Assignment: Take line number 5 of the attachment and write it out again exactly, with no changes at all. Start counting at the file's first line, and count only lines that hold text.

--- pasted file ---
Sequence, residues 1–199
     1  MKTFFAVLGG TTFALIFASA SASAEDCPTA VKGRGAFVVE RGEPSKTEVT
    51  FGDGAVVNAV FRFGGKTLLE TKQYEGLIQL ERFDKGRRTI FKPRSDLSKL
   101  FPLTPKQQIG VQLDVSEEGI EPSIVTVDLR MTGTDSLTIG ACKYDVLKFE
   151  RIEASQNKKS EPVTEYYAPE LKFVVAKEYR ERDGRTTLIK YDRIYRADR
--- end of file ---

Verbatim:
   151  RIEASQNKKS EPVTEYYAPE LKFVVAKEYR ERDGRTTLIK YDRIYRADR